I read something in a post a few years ago about pruning the taproot. Thoughts on that?
Any advice on amount of water/nutrients/light for young jackfruit?

Thanks!

Carolyn

6
Well, after weeks of hand pollinating my theobroma cacao, using a jewelers loop and tweezers, I finally got two fruit to set on!  One dropped off right away, but the other is still hanging in there so far.  I think I am finally getting better at pollinating this really tricky flower. Even if this one drops, I am excited to know I CAN do it!


Also, my narrow leaf guava (Psidium striatum) has set on a fruit!  Yay!

7
I thought this was interesting -
I have two types of tamarillo in my greenhouse, and both emit an odor that smells like creosote, or asphalt.  Not pleasant for most folks, but I kind of like it, in a weird way.
Both my solanum betaceum and my solanum sibundoyense are absolute fungus gnat magnets.  Since the leaves and stems are covered with tiny hairs, the gnats don't seem to be able to escape, so in essence, they are acting like giant sundews, or some other "sticky" carnivorous plant.  They are helping me out, but I wonder if they are getting anything out of the deal - do you suppose they can get nutrition out of the gnats?? I wish they would attract whiteflies also!




Carolyn

8
Tropical Fruit Discussion / My Njangsa is finally up!
« on: June 16, 2018, 10:40:08 PM »
Yay! My Njangsa (Ricinodendron heudelotii) is up! Two out of the six seeds have sprouted. Two rotted, one I accidentally broke the root off of when transplanting and it died  :'( , and I am still hoping the last one sprouts.  In the wild it is a very large tree, so we will see how it takes to container culture...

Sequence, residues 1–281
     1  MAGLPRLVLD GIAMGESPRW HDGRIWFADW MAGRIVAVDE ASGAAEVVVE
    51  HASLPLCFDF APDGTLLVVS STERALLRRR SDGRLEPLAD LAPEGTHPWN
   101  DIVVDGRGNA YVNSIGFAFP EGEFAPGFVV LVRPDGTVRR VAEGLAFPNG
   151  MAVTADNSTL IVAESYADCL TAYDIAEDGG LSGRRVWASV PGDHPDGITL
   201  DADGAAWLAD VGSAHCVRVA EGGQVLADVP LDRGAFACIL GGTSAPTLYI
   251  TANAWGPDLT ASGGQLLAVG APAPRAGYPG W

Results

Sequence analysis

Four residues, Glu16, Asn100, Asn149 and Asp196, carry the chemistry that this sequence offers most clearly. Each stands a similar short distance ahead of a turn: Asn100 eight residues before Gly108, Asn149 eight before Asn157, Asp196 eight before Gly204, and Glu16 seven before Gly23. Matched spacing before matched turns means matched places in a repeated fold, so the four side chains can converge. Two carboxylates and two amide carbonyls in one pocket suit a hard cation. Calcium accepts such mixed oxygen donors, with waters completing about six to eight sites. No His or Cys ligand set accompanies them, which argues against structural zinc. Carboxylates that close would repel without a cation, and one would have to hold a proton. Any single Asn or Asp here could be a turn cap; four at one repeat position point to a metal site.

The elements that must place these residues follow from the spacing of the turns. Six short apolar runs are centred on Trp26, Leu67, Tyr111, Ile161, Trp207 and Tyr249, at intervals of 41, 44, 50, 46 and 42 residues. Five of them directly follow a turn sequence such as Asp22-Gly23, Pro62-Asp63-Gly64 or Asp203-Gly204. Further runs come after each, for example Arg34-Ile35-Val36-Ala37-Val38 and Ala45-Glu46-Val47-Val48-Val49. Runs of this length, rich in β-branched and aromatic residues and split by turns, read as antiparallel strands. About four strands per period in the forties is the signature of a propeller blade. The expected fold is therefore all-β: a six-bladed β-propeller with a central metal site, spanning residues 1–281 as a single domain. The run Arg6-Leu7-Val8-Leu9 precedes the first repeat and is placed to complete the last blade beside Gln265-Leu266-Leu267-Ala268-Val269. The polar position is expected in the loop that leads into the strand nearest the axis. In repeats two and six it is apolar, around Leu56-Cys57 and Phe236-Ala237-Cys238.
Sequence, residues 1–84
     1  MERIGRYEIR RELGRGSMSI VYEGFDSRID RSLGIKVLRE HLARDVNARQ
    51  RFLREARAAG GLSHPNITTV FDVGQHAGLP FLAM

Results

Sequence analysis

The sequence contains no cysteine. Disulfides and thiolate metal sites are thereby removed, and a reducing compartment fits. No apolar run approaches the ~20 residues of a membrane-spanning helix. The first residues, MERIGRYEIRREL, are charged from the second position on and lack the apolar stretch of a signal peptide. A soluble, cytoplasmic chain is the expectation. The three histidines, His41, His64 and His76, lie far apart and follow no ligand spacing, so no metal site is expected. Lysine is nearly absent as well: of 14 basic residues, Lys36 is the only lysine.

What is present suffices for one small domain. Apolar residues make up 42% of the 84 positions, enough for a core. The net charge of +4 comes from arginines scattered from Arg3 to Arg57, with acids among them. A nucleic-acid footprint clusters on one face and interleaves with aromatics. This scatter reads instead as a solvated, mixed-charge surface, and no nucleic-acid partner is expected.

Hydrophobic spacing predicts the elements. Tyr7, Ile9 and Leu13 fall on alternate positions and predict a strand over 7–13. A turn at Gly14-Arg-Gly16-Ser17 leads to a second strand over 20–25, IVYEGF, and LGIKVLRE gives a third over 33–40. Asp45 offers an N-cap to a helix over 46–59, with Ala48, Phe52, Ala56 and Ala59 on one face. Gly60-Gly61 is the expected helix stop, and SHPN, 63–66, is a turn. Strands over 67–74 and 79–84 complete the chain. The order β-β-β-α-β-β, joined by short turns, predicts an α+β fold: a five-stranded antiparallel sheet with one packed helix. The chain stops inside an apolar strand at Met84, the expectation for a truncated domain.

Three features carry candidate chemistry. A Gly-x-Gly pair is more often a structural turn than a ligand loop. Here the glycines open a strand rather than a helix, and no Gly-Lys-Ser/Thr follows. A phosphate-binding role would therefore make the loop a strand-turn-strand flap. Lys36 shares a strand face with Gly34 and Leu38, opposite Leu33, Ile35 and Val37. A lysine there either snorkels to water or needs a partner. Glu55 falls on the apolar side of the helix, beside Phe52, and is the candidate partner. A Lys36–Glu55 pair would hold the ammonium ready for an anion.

Here is a picture! Anyone else growing this?


Carolyn

9
Tropical Fruit Discussion / capers won't set fruit
« on: June 10, 2018, 11:49:54 AM »
Does anyone have experience with caper bushes?  I only have one in my greenhouse.  It is flowering profusely but won't set fruit.  I go out in the morning and try to help things along by hand, but still no fruit set.
Any ideas?

Thanks!

Carolyn

10
Tropical Fruit Discussion / Is this REALLY gynura procumbens?
« on: June 04, 2018, 03:39:02 PM »
Hello,
This plant was given to me as 'longevity spinach', gynura procumbens.
But, depending on the website I look at for these names, I get different plants.
This is not a vine.  It is sprawling, and weakly climbing if propped up.
The older stems are thick and tough, but I wouldn't quite call them 'woody', and purple with green spots.
The younger stems are five-sided, green and succulent.
The young leaves are serrated, but as the get older and larger they look more undulate.

I want to make sure of what it is before I start eating it...

Thanks!
Carolyn

older stem at base of plant

older stem

younger stem and leaf

young leaf

11
Tropical Fruit Discussion / Should I train my cambuca?
« on: May 20, 2018, 10:50:21 AM »
I have two cambuca trees that are 5 years old.  They seem happy and healthy, but they have a very low, spreading habit.  They are only about 1 ft high, but 3 ft wide.  Very leafy and healthy looking. They are in pots in my greenhouse.